In the spring of 2011, Egyptians leveraged Twitter as a means to energize, inform, and organize public protests leading to the overthrow of the Mubarak regime. In the spring of 2012, Egypt’s upcoming election has generated a storm of controversy and instability that threatens the country’s safe transition to civilian democracy. As the events unfold, Egyptians have again taken to Twitter to discuss the issues, organize protests, and express their political opinions.
Our social media analysis examined English-language Twitter posts from users in Egypt. This undoubtedly is only a subset of all social media discussion in Egypt surrounding the election; nevertheless, this analysis provides insights into the trends and nature of the conversation within the country itself. According to our analysis of Egyptian sentiment on Twitter, public opinion of the election is primarily negative, with 26% expressing negative sentiment and just 8% expressing optimism about the election and candidates. Of the negative opinions, 18% generally criticize the elections, while 8% express specific opposition to the disqualification of candidates by the election commission.
The vast majority of the conversation about the election, however, is dedicated to neutral commentary, with 65% spreading news and information about the race. 27% of conversation specifically mentions the prospects of candidates:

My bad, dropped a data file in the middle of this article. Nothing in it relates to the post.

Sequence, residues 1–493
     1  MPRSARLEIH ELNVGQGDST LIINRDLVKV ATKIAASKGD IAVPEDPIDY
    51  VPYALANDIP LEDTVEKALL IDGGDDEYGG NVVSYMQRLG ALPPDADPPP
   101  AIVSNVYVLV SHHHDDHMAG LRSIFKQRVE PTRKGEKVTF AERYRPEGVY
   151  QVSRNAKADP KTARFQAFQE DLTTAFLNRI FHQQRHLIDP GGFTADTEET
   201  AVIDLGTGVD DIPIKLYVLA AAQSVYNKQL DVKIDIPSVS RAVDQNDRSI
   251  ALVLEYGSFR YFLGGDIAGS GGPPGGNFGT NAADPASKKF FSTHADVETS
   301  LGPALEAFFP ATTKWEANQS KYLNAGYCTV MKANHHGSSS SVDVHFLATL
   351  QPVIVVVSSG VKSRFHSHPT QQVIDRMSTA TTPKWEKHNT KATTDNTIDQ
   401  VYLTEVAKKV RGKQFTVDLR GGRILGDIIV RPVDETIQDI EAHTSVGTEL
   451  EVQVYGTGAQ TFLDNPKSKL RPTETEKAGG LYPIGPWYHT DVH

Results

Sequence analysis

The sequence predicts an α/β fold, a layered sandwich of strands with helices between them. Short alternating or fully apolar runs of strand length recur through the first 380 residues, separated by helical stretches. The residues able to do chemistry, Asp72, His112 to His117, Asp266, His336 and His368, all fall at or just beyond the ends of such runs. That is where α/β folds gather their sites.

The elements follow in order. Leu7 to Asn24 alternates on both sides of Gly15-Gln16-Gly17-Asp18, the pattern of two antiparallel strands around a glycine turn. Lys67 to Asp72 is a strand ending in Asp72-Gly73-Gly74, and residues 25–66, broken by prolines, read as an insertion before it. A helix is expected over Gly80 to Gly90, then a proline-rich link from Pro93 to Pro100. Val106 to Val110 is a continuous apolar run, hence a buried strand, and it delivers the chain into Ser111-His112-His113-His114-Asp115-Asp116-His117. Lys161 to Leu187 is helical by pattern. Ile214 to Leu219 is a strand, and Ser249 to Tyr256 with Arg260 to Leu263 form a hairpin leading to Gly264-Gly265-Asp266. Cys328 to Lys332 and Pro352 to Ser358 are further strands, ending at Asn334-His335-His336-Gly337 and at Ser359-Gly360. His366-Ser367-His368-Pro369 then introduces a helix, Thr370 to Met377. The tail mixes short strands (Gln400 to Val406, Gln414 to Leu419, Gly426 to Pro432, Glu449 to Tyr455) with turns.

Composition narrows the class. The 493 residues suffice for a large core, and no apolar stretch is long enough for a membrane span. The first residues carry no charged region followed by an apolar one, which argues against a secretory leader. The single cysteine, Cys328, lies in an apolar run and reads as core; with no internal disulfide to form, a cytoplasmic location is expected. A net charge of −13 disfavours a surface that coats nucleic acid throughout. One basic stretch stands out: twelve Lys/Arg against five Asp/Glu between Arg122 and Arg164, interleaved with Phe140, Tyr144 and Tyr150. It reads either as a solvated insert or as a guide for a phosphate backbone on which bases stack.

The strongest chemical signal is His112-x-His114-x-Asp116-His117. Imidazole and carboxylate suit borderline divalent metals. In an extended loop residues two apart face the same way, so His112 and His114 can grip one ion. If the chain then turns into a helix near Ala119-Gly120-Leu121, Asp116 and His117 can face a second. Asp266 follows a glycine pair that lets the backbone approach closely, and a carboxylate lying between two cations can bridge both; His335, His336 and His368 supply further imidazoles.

- 18% mentions the platforms and backgrounds of candidates
- 9% discusses the disqualifications of candidates by the Electoral Commission
The entrance and elimination of Omar Suleiman, former vice president and intelligence chief during the Mubarak regime, particularly spurred a significant amount of discussion.
Protests, undoubtedly a critical factor in the political climate surrounding the election in Egypt, inspire 17% of the overall conversation. This category jumped to 30% of conversation on April 20 surrounding the protests in Tahrir Square. The influence of prominent groups also figures into neutral conversation and may be indicative of public perceptions surrounding these groups. The Muslim Brotherhood in particular generates 10% of overall conversation, while the Supreme Council of the Armed Forces (SCAF) draws just 3% in the context of election discussion.
The negative slant of opinions surrounding the elections is indicative of a public reaction to widespread political instability in Egypt. Nevertheless, it is encouraging that Egyptians continue to use social media platforms primarily to generate communication and spur political action as a positive force for change in their country.
As always, we’ll continue analyzing the space for interesting trends. In the meantime, feel free to contact us at email@example.com with questions or to learn how your market, brand or product could benefit from leveraging the Crimson Hexagon ForSight™ platform for social media monitoring and analysis. Want to see the Crimson Hexagon platform in action? Request a Live Online Demo.
Gigi Lopez contributed to this post.